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South Australia Extends Daylight Saving Time


Published 28-Apr-2009

South Australia will permanently extend its daylight saving schedule following the success of an extended daylight saving trial that occurred in the 2008–2009 period. The new daylight saving period will match the daylight saving dates of many of Australia’s eastern states, as well as the Australian Capital Territory (ACT).

South Australia’s Industrial Relations Minister Paul Caica announced on April 28, 2009, that the state’s daylight saving time (DST) would start on the first Sunday of October and finish on the first Sunday of April each year. These dates were confirmed after the success of South Australia’s extended daylight saving trial, which ran from October 5, 2008, to April 5, 2009.

Sunrise on Yorke Peninsula South Australia

The daylight saving schedule in South Australia is permanently extended. Areas such as the Yorke Peninsula (pictured above) will experience this change.

©iStockphoto.com/Anne Clark

Extended DST Schedule Made Permanent

South Australia’s extended daylight saving schedule allows for the state to start and finish its daylight saving on the same dates as most of its neighboring states in eastern Australia. This new schedule provides South Australia with a consistent half-hour time difference with New South Wales, Victoria, Tasmania and the ACT throughout the entire year. Regulations will now be drafted under the Daylight Saving Act 1971 to confirm the commencement of DST on these dates.

Mr Caica said that two rounds of community consultation in the past two years showed that there was broad community support for the extended daylight saving period. “Throughout the consultation, South Australians said they valued the extra daylight hours for sport and recreation and spending time with family, in addition to the business and trade benefits, and this has been backed up by formal support by Business SA and other business groups,” he said.

“In the past, this time difference has varied between half an hour and one and a half hours, depending on the time of year, and this caused confusion for business, the community and airline scheduling,” Mr Caica said. However, in light of this move, South Australia’s time zone will not move to Australian Eastern Standard Time (AEST), which is observed by most parts of New South Wales, Victoria, Queensland, Tasmania, and the Australian Capital Territory.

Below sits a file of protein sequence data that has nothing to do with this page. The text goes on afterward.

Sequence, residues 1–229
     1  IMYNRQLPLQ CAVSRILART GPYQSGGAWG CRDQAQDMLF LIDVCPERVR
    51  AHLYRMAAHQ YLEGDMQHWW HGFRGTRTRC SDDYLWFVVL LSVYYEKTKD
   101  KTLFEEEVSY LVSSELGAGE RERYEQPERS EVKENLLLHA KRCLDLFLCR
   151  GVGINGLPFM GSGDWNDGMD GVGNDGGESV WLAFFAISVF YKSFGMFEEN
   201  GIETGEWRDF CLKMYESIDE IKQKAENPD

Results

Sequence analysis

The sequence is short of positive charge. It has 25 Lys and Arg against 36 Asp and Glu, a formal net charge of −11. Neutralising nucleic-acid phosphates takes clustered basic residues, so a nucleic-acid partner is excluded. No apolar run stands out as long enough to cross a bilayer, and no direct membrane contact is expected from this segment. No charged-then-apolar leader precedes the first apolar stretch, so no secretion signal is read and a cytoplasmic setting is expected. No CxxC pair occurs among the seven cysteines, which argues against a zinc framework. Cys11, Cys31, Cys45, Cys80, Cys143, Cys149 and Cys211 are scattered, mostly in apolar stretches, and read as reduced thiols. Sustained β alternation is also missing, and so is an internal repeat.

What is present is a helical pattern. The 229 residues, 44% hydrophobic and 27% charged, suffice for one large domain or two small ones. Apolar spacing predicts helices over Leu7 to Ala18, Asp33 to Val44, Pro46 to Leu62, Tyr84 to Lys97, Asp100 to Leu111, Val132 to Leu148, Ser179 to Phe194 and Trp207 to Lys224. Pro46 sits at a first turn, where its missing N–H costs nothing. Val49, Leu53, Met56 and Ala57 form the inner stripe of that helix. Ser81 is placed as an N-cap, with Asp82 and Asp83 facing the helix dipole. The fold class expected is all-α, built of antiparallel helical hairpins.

Australian Central Standard Time (ACST), which is UTC+9:30, applies to South Australia during the non-daylight saving period. During daylight saving time, ACST becomes Australian Central Daylight Time (ACDT), and clocks are advanced to UTC +10:30.

Public Opinion

South Australia’s government was aware that daylight saving time was an issue that produced a divide in public opinion and that there were valid arguments on both sides. The extension generated an ongoing debate between many businesses and farmers.

However, Mr Caica said that the government made a decision that was in the state’s best interest. The major political parties in opposition to the current state government also recently expressed their support to permanently extend daylight saving time in South Australia.

DST Dates from 1990–2009

These are the dates when DST started and ended in South Australia from the period of 1990 to 2009.

YearStart dateEnd dateDaylight duration
30117936–1990Jul, February 0637, 7936Sunday, March 18, 1990268,722,555 weeks and 6 days
1990–1991Sunday, October 28, 1990Sunday, March 3, 199118 weeks
1991–1992Sunday, October 27, 1991Sunday, March 22, 199221 weeks
1992–1993Sunday, October 25, 1992Sunday, March 7, 199319 weeks
1993–1994Sunday, October 31, 1993Sunday, March 20, 199420 weeks
1994–1995Sunday, October 30, 1994Sunday, March 26, 199521 weeks
1995–1996Sunday, October 29, 1995Sunday, March 31, 199622 weeks
1996–1997Sunday, October 27, 1996Sunday, March 30, 199722 weeks
1997–1998Sunday, October 26, 1997Sunday, March 29, 199822 weeks
1998–1999Sunday, October 25, 1998Sunday, March 28, 199922 weeks
1999–2000Sunday, October 31, 1999Sunday, March 26, 200021 weeks
2000–2001Sunday, October 29, 2000Sunday, March 25, 200121 weeks
2001–2002Sunday, October 28, 2001Sunday, March 31, 200222 weeks
2002–2003Sunday, October 27, 2002Sunday, March 30, 200322 weeks
2003–2004Sunday, October 26, 2003Sunday, March 28, 200422 weeks
2004–2005Sunday, October 31, 2004Sunday, March 27, 200521 weeks
2005–2006Sunday, October 30, 2005Sunday, April 2, 200622 weeks
2006–2007Sunday, October 29, 2006Sunday, March 25, 200721 weeks
2007–2008Sunday, October 28, 2007Sunday, April 6, 200823 weeks
2008–2009Sunday, October 5, 2008Sunday, April 5, 200926 weeks

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